Wednesday, December 29, 2010

Garbage Writing

One thing I seldom talk about around here is that at one point I actually wanted to become a writer. It is, in fact, the original reason why I started blogging. I wanted to utilize this medium in order to cultivate my writing skills, but shortly into my blogging venture I identified that my heart isn't into writing. I've since then decided to dedicate myself to the culinary field, so writing now serves the purpose of education: honing my skills for expression and introspection.

While writing may never again play a huge role in my plans as it did in the past, I still entertain ways in which I can improve myself. I can't just allow myself to publish any old thing; I always try to bring forth a finish product worthy of your finite time, and yet I feel inadequate always. However developed I may be, there is still an incredible amount of progress I could make, particularly in the realm of my thinking about writing.

How to go about thinking about a piece has been quite perplexing. If I'm aiming to write a substantial number of posts on a consistent basis then I can't allow myself to dwell on any one piece for too long, but then again I also can't just allow myself to jump into the construction of a post at any time. It's difficult to determine when I can start writing and when I should take to roughing an outline, but by encountering problems I do eventually come up with a solution. In the past I talked about a particular technique of writing outlines and then letting them sit for 24 hours or more to see if I can get a fresh perspective on my previous thinking, much like writing a rough draft and letting a day pass before the editing phase. I've recently come up with another technique: Writing articles I know I'm going to destroy.

On occasion I run into the unique problem where I cannot figure what to do in regards to a piece. Whatever efforts I might take in drawing up an outline fails me, and simply jumping into the writing leads to resistance as well. It's most prominent in my writing my chocolate reviews, where an outline is nearly useless since it contributes little to how I should describe something and jumping right in leaves me at a loss for descriptive words. The chocolate reviews are particularly unique is that I already know what I want to say, it's the issue of style that trips me. Sometimes I write whole reviews and other types of articles without ever intending to publish them, and I often never do. The odd thing is that I find that writing unpublishable articles tends to be the solution to my writer's block. Where outlining fails, it seems I can often solve my problems by just going ahead and writing the article to completion before I immediately rewrite the whole thing from scratch and destroy the previous copy.

This solution is a matter of figuring out how to do something right by identifying what's wrong, much like how you can fix a car by identifying what's broken. The reason why I have such a hard time coming up with an outline or a good first copy is not only because I don't have a good conception of what I want my piece to be like, but also because I have no conception of what a bad piece would look like. In my head, the problem is just a matter of not being as to write like I would want to, not that I think I would write something bad. In my brainstorming I don't actually consider my ideas bad, it's that I'm having a hard time coming up with ideas at all. When I force myself to write the piece regardless of my preparation I then understand exactly what is wrong with my writing, and by having a perspective on what's wrong I am much more able to determine what would actually constitute the right direction. In other words, I can't figure out which path is the right one to take until I know I've taken the wrong one. To have a conception that something is wrong or not good is to have an implicit conception that something else known would be good.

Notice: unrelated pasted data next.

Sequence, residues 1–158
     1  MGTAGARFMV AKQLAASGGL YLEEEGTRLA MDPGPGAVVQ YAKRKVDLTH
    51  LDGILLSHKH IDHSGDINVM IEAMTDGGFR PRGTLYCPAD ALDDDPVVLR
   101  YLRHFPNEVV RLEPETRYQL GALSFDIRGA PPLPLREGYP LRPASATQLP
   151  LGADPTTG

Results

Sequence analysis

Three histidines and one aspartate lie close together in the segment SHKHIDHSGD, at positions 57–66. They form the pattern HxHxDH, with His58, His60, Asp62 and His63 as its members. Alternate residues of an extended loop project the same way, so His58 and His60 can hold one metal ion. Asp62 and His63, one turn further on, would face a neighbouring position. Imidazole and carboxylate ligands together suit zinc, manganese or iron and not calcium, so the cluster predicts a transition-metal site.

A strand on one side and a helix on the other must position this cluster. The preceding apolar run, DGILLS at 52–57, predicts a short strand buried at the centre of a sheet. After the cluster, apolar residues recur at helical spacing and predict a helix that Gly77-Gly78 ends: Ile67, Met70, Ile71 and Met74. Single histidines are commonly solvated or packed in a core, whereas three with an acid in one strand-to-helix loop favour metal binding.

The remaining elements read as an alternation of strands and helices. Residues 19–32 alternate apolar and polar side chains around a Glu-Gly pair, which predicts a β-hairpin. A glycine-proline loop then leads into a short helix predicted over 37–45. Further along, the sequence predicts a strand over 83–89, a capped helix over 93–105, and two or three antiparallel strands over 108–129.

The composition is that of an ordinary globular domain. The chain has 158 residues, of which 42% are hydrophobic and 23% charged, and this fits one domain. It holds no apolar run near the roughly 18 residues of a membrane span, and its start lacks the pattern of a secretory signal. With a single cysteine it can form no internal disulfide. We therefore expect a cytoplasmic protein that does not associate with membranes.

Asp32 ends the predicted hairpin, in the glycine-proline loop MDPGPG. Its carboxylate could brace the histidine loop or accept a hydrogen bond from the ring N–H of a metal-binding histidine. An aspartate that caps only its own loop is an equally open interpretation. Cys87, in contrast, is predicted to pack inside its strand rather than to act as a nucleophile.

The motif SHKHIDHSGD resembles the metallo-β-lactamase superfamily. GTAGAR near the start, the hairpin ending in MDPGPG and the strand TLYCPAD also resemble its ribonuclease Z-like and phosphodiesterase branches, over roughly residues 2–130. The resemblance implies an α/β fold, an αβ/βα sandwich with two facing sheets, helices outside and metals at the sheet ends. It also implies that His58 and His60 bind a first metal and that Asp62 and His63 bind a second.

It might seem like a waste a time considering how long some writing pieces can be -- I once deleted an article I worked on over three hours straight just moments after finishing it -- but if you're really stopped in your thinking this could do well to force a current of thought. Inevitably it is a frustrating technique to employ since you know what you're writing is bad all while you're writing it and that you intend on destroying it shortly after completing it, maybe without even scrutinizing its errors first (I usually just delete the article without looking at it ever again). It would do well to keep in mind that the ultimate aim IS to eventually come out with a polished product: The garbage writing is but a step in the process. It will at first, of course, seem like an impediment to your efforts, as if you were somehow deliberately wasting time, but if you exert to actually include it into your efforts on a regular basis it could easily come to be viewed as something that contributes to your time rather than detracts from it.

Now that I think of it, maybe I ought to take more care to deliberately incorporate garbage writing into my practices. In the past I've been using this technique entirely by accident where I'll write a piece out of frustration in the belief that I must write something, even if I know in advance it's destined to be trashed. In many cases this technique has worked its magic outside of my awareness, where I'll write a bad article thinking I'm going to settle for its poor quality and publish it, but will quickly abandon it because I suddenly have ideas for a much better rewrite. More thinking needs to be done, but maybe from now on I'll incorporate garbage writing as a deliberate step in my writing process.

It may not be a technique guaranteed to work, but it does add to the reservoir of practices we can pick and choose from. One can never have too much variety in that area.

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